- First, go to https://business.facebook.com and click “Create an Account”
- Then enter the required details. Note that Facebook considers every paid promotion a “business”, so you do not have to enter the name of your company or even have a company at all to use Business Manager
- By clicking on the appropriate button, add Facebook pages you manage to the new Business Manager.
- Click on the gear icon and add team members using the menu that is available in the settings (it’s worth having a second administrator, but more on that in a moment) – make sure to remember its location (https://business.facebook.com/settings/people?). This is going to be useful for the next steps.
Done, you’ve just set up a Business Manager, from which you can now manage your Facebook pages and ad accounts.
Using Business Manager will not only put you in a slightly more privileged position than other Facebook users but most of all it will allow you to easily grant access to other users and businesses. This is important from a technical point of view, and this is what my trick essentially is.
Now, even if you lose access to your Facebook account as a result of a permanent ban, you will still receive notifications about your business. And this is the gate that we will use to bypass the ban.
How to successfully bypass Facebook ban?
If your account was banned but you still want to communicate with your Facebook page fans, you need to access the page using another account that isn’t banned and has the same access level to your Business Manager.
To regain access to your Facebook page, follow the steps below:
- Provide your friend with the URL of your Facebook page using the Business Manager view.
- Let your friend send a request to administer your Facebook page from his Business Manager
- You will receive a request (also by e-mail) for your friend to get access to your banned account
- Despite the ban, you will be able to confirm it. Now access to your Facebook page is unlocked. All you need to do now is get to Business Manager of your friend to whom you have granted access.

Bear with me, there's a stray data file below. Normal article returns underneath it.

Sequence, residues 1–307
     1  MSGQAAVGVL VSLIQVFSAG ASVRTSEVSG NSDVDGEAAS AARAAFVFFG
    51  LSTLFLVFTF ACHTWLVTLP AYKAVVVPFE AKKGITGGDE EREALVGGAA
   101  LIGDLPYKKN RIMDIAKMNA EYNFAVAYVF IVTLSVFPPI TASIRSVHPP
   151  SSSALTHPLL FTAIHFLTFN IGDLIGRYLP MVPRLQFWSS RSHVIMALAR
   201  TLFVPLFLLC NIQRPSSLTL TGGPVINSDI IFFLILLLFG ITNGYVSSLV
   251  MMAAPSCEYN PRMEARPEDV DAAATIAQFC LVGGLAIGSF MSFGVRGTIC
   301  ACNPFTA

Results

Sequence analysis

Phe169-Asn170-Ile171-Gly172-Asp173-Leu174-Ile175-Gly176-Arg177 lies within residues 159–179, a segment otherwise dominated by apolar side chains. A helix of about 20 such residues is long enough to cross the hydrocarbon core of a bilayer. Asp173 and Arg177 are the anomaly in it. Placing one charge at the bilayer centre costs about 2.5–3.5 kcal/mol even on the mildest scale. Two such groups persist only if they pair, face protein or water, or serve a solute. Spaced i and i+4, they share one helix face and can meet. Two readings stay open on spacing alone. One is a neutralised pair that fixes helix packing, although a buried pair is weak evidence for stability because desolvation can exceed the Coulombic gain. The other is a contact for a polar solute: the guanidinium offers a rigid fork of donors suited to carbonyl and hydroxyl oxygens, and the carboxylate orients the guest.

- To do this, create a new Facebook account. Make sure this account has friends, a profile picture, and a credible name. You will use it while your ban lasts and in the future as a “backup account” for any potential unfortunate events of that kind
- Provide your friend with the e-mail address of your new account. Thanks to this, they will be able to send you an invitation to their Business Manager (they will add you as their new colleague). When you confirm the invitation, your friend will be able to give you administrative access to your Facebook page from the level of their Business Manager.
Of course, instead of using your friend’s Business Manager, you can quickly create a second one yourself by logging into the new “backup” account and follow all the steps above, confirming access on the old account and granting it to the new one.
The main thing to note is that the entire process requires the use of Business Manager.
Naturally, granting Business Manager access to a friend who has more than one Facebook page and multiple ad accounts will not draw as much attention as creating a fake account (Business Managers with an advertising history are simply more reliable for Facebook administration).
And we are done! Now you can describe the situation to your fans and tell them you will be communicating with them using the Facebook page only for the time being.
I also invite you to read this text about a community that steals Facebook groups. After I posted this entry, they made an unsuccessful attempt to hack my page and even threaten me. The charges were pressed against them and the text itself is not going to be removed from the blog.
Such a response to an educational entry about Facebook security only proves how social media security content is not only not obvious but also very much underrated and not discussed enough.